Eskimo Bow Recovery
by Wayne Horodowich
When the original kayakers capsized exiting their kayak was not an option because of the cold water. They had a variety of techniques for getting upright. One of the techniques was getting an assist from a partner in another kayak without having to wet exit.
The Eskimo bow assist is still very useful today even though we don't have the restrictions of not wet exiting due to cold water. If we dress for immersion a wet exit should not be a big deal. However, if an assist is nearby we can save a lot of time and energy by staying in our overturned kayaks.
If your partner is in the vicinity of your kayak, this recovery method has less overall exposure time than if you were to wet exit and do any of the assisted recoveries or solo recoveries. The Eskimo bow recovery has provided me a great back up when I was learning my braces and practicing my rolls. I was more apt to practice knowing I didn't have to wet exit if I missed a roll or a brace. It is also a great way to quickly cool off on a hot day without long immersion time.
Learning how to hang in your kayak when it is overturned is a skill worth developing. The Eskimo recovery helps develop "hang time." In addition, the basic movements of this skill are the ones used in rolling.
When you capsize and your partner is near enough to assist you and they know this recovery method this is what to do. Lean forward as close to the front deck as possible. Reach both hands into the air, one on each side of your kayak. Your paddle can stay between your arm and your kayak. You will retrieve your paddle when you are upright. If help does not come, then you will still have your paddle next to you if you decide to wet exit.
When you first go over bang on the bottom of your kayak to get your partner's attention. Then keep your hands up in the air moving them forward and backwards along the side of your kayak. Be sure to keep your hands off of the kayak to prevent your hands from getting pinned and smashed by the oncoming bow of your partner's kayak.
The person assisting can come in perpendicular to your overturned kayak, on an angle or parallel. We will discuss the parallel method another time. The parallel method uses the paddle shaft to right the capsized kayaker. (See USK Article "Eskimo Paddle Recovery") I prefer to approach on an angle, because I can have the bow of my kayak slide along the hull of the capsized kayak until my bow is in the hands of the upside down paddler. Also, by coming in on an angle you can use the Eskimo Paddle Recovery as a back-up if you over shoot your partner's hand.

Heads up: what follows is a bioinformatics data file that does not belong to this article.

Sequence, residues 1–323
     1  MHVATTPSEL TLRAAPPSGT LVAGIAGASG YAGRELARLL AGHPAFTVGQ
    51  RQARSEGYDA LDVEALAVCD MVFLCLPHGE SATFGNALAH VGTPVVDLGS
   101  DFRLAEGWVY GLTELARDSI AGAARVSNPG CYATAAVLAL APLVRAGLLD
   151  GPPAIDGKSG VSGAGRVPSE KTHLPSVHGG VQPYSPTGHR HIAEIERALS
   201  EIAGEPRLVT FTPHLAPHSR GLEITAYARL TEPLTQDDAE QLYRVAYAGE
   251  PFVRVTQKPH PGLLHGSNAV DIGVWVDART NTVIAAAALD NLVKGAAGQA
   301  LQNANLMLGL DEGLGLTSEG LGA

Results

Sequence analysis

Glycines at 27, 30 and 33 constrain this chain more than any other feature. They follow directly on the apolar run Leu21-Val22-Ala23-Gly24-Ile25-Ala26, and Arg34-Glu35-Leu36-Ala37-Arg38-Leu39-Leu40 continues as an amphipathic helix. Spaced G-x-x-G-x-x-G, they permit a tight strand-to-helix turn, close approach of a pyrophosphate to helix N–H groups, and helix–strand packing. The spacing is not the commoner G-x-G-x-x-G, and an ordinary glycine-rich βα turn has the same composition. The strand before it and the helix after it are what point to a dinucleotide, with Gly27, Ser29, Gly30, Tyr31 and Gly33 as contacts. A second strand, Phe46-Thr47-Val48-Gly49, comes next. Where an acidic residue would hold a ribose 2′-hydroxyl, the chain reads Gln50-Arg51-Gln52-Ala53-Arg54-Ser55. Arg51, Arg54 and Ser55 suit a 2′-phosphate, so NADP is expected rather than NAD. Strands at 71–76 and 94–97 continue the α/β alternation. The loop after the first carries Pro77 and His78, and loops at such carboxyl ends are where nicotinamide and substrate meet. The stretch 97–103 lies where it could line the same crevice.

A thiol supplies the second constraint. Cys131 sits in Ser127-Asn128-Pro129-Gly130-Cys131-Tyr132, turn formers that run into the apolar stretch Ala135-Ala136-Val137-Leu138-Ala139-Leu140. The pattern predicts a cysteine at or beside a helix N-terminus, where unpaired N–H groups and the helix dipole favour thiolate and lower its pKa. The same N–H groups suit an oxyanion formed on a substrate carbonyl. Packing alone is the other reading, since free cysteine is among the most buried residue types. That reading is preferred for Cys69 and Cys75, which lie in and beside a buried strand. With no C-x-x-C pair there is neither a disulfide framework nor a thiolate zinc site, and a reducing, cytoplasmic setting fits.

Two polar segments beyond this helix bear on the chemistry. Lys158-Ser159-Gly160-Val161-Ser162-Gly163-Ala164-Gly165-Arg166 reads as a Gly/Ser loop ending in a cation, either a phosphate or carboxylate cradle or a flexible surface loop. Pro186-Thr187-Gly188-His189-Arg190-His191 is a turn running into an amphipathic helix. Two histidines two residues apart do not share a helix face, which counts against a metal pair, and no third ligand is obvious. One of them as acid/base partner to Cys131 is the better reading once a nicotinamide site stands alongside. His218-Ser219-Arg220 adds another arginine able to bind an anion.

The goal of the assisting paddler is to put their bow into your hands. By moving your hands you can feel their kayak if they come in and just miss your hands. When upside down you can easily get confused as to the direction from which your partner is approaching. That is why you keep both hands up and moving.
Once the bow is in your hand you can begin to pull yourself up. Then you bring your opposite hand onto the bow. When both hands are on the bow, pull you head up and rest it on the bow. This is a good time to take a breath since you have been holding your breath for a while. If you did run out of air before your partner arrived, you could come up for a quick breath and continue hanging. Pushing down with both hands on one side can give you the lift you need to get that breath. If you do try for that extra breath while waiting, be ready to protect you face and head from the oncoming kayak.
The next step is a basic movement for rolling your kayak. Instead of pushing on the bow and lifting your head, it is easier to right your kayak by using your leg and trunk muscles. The movement is commonly referred to as a hip snap. If you look at the previous picture you can see the kayak laying over the paddler. The hip snap gets the kayak upright then you bring your head up. Believe it or not this movement takes less energy than trying to lead with your head.
Once the kayak is upright, you can follow with your body making sure your head comes up last. Once upright you can look for your paddle, which should be nearby if you started with the paddle parallel to your kayak floating between your arm and kayak.
As you can see, the kayaker is now upright and they never had to wet exit. As mentioned before, the overall immersion time is much less with this recovery method as compared to one involving a wet exit.
Your submersion time is dependent upon how long it takes your partner to get to you. Therefore your partner needs to practice their sprint and and emergency stopping skills. Having a reliable stopping stroke that provides both stopping power and support is essential. (See USK article "Supportive Reverse Sweep Stroke) You and your partner should practice the assisting role so you can perfect your aim.
Again, I found this recovery method a great way to practice my bracing and rolling. My partner would set up close by and come to get me if I missed a brace or couldn't roll.
Of course this method is only as good as your ability to hold your breath. The more relaxed you are the longer you will be able to stay down. The colder the water the faster you will want to wet exit. We all know how that ice cream headache feels. Trust me when I say "this gets easier with practice."
When you are learning the skill do it in the reverse order of how I presented the skill. Start with the hip snaps. Then go under but hold the bow with one hand. Then go over next to the bow and then reach for it. Once comfortable with the skill have your partner move farther away. Over time this recovery method will be another one in you arsenal of recoveries.
Pictures seen above were taken from the USK Video "Capsize Recoveries and Rescue Procedures "
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